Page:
4. Sew all the way around to make one large rectangle (sewing the bottom edge isn’t necessary but I decided to do it anyway).
  5. Insert buttonhole following tutorial’s instructions. I did find that I had trouble doing the button hole because there was nothing which I could hold onto to “feed” it through my machine. It took me several tries but I finally figured out that I had to do the buttonhole slightly farther from the end than called for (it was still long enough and didn’t cause a problem) and I stuck pins into both side of the end of the piece so I could push the fabric through when it got caught while making the buttonhole.

This project did take me longer than I thought it would. This was due to the fact that I used some different materials (required more time to figure out what to use and cut out fabric) and that I had to redo the two different buttonholes several times. But I finally finished it, it turned out well, and best of all the recipient, my little sister, really liked it.

There are only two things that I plan on doing differently next time I make these.

  1. Find a 2 oz. bottle. The 2.5 oz bottle was oddly shaped and seemed large, while the 2 oz. bottle my sister had was better shaped and slightly smaller. (Note: If you end up using a 2.5 oz bottle I would alter it like I did but instead of 10 1/2″ long piece which is what I originally did, I would make them 11″ long. It was a little tight lengthwise.)
  2. Use coordinating fold over elastic for the elastic belt (didn’t have any on hand, otherwise I would’ve used it originally).

Hand Sanitizer Jacket-Find out more from Everything Pudding

This project is great for using up little scraps, and once you’ve mastered the art of buttonholes, shouldn’t take you too much time. So grab some fabric from your stash, pick up the tutorial from The Inspired Wren on Craftsy, and start sewing!

Tutorial-Fabric Scrap Notecards

Fabric Scrap Notecards 1 for Post Cover

I really hate to call this a tutorial because in all honesty it is little more than do this and this and you’re done. But I did.

Fabric Scrap Notecards 2

I had a friend’s birthday party to go to and wanted to make a quick gift (sort-of left it to the last minute). (Also because this was such a last minute thing the pictures are minimal and of poor quality). Stationary is always an easy thing to make but I wanted to do mine differently and not just go with plain paper. My mind went back to this card I had seen on pinterest. However being that it was late spring I chose to do the cards with an initial. Here’s how I did it:

You Will Need:

  • Fabric Scraps at least 3″ x 3″
  • Coordinating Cardstock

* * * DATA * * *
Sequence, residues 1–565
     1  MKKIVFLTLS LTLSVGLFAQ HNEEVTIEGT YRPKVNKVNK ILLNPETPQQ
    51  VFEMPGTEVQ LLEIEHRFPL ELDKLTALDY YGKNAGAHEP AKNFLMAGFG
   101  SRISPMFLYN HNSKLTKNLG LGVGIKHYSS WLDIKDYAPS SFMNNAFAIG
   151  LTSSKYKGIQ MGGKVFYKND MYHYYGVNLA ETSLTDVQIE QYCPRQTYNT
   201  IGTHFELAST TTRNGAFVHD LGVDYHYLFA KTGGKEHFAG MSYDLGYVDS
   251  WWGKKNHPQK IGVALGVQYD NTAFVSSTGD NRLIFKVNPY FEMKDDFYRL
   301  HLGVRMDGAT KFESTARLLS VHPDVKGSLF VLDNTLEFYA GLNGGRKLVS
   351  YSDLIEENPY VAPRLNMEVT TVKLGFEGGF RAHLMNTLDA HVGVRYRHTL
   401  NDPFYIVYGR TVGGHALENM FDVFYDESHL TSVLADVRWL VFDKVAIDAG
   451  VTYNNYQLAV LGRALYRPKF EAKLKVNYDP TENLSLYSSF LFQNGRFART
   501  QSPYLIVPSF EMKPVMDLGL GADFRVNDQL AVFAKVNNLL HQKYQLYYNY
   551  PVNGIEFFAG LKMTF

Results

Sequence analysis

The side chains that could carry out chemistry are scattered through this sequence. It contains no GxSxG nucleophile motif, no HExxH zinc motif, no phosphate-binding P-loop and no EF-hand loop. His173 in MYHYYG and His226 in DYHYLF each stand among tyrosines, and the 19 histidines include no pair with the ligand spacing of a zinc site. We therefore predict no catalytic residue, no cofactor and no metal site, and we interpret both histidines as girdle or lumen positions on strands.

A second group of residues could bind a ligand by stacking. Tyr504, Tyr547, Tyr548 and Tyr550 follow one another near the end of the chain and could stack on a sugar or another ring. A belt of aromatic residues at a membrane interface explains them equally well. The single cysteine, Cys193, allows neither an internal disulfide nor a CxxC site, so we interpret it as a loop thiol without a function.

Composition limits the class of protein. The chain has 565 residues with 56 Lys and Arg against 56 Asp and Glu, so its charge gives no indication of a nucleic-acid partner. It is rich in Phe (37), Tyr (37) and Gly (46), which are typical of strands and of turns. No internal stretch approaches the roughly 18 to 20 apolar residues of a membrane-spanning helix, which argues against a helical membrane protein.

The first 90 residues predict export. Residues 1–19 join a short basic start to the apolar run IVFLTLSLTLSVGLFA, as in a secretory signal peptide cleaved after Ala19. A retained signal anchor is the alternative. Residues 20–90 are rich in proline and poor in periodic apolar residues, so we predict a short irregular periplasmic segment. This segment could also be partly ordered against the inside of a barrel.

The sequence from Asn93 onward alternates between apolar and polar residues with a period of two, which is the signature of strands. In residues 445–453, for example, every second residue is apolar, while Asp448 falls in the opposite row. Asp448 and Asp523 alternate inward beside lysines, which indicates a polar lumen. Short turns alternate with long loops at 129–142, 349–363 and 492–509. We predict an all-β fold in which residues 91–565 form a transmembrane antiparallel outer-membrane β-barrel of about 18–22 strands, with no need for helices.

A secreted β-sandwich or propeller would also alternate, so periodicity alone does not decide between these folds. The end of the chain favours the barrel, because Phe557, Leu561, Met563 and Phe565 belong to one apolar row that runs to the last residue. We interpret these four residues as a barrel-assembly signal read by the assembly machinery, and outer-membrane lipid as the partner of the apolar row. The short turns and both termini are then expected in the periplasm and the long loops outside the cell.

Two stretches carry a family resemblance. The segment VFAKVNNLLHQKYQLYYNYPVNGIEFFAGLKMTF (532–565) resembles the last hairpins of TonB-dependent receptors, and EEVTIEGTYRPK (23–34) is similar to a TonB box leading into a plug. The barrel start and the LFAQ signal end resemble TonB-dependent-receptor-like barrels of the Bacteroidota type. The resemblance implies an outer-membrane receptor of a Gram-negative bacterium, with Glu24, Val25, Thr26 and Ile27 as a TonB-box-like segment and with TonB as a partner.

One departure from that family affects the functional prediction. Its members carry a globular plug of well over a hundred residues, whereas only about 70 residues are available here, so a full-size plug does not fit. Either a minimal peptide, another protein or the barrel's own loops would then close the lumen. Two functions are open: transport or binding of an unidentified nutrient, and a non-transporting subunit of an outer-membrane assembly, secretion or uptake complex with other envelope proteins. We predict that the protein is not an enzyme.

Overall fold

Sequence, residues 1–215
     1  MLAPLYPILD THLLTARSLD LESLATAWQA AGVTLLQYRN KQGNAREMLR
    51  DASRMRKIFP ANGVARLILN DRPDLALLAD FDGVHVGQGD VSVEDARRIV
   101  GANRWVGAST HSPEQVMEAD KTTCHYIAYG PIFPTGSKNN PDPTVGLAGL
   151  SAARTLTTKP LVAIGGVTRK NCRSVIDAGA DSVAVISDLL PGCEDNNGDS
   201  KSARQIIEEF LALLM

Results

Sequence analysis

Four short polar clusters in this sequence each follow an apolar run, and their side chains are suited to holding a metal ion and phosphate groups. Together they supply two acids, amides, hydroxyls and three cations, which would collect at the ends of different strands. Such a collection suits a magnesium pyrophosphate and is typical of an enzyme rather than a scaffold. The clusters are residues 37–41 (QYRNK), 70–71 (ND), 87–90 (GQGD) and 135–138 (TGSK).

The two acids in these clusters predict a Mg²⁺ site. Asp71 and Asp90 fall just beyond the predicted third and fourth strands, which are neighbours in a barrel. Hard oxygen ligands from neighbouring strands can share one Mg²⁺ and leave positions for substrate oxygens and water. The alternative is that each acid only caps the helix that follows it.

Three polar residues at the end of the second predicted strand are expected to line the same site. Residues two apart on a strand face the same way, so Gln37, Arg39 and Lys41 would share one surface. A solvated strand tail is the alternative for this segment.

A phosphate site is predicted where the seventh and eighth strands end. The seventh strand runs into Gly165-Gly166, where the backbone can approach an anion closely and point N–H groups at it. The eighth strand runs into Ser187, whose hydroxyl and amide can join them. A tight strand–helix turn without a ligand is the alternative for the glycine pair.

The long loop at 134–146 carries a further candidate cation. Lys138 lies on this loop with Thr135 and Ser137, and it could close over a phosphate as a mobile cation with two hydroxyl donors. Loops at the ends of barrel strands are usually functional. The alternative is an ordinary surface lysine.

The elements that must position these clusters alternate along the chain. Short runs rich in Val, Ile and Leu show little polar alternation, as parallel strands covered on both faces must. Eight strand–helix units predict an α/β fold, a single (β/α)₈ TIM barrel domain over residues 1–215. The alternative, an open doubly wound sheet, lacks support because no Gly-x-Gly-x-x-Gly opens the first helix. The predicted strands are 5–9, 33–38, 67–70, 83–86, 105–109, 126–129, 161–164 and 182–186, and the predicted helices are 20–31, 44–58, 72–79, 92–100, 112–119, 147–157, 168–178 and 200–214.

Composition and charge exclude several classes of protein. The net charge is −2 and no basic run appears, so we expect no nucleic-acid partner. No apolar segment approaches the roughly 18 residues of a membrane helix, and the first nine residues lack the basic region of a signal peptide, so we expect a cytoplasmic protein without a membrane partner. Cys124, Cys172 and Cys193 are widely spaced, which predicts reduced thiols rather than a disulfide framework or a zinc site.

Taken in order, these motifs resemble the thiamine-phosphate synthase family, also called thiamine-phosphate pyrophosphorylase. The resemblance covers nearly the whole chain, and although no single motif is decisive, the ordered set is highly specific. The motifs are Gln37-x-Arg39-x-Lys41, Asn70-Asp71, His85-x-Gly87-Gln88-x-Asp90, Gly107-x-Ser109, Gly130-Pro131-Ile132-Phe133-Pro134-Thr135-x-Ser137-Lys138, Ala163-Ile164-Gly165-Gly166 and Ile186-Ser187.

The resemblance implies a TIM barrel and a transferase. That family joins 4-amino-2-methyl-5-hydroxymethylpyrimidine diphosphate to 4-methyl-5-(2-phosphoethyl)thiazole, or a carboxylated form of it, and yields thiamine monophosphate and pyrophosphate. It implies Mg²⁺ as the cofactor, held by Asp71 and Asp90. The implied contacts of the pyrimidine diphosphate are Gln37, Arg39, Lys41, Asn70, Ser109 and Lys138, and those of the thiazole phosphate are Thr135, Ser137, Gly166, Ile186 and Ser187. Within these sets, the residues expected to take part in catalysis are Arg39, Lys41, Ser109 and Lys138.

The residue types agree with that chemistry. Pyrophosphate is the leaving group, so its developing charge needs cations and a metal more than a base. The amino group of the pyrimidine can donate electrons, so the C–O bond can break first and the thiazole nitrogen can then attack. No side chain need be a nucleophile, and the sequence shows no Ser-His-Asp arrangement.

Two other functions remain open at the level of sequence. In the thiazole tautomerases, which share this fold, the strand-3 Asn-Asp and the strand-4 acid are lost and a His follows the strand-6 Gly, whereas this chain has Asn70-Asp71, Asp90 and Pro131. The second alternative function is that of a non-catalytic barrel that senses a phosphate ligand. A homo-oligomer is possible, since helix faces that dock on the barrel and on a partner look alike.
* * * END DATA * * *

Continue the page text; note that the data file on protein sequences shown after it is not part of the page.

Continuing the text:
• Blank white cards and envelopes
  • Double-stick tape
  • Tacky Glue
  • Pinking Shears
  • Paper Cutter

How To Do It:

1. Cut your chosen letter out of your fabric scraps using pinking shears. I chose to do it freehand but you could use a stencil if you wanted. The size of your letter will depend on how big you want it, if you want to put it in the corner I would use a small letter, if it’s going to be in the middle go big.

2. Cut a piece of coordinating cardstock using your paper cutter one half inch less than the dimensions of your card (if your cards are 4″ x 5 1/2″ cut a piece 3 1/2″ x 5″).

3. Glue the fabric letter to the piece of cardstock, allow to dry.

4. Use double stick tape to attach the cardstock piece to the card centering with 1/4″ margins.



1. The fabric scraps allowance 3″ x 3″ is very generous and will give you room to do as big a letter as you would want on a regular size card. Depending on your letter, (if you did an “I” for example you might only need a piece 2 1/2″ x 1″) you might need less, but this measurements give you room for error and big letters.

2. I chose to use white cards though you could use coordinating cardstock and make your own cards skipping the extra layer of cardstock. I buy a pack of 50 cards and envelopes from Hobby Lobby. With a coupon they are a very cheap way to buy cards and envelopes (since envelopes seem to be crazy expensive). You can find them in white and ivory in several different sizes though I like the 4″ x 5 1/2″ size.

3. A great way to buy cardstock that will coordinate with your fabric scraps is to buy a matstack. We got this one and one in pastels from JoAnns. These are great because they are just bigger than the size needed to make cards like these.

4. You could always do something other than an intial, you could make a flower using pink scraps for the bloom and green scraps for leeves and stem, be creative.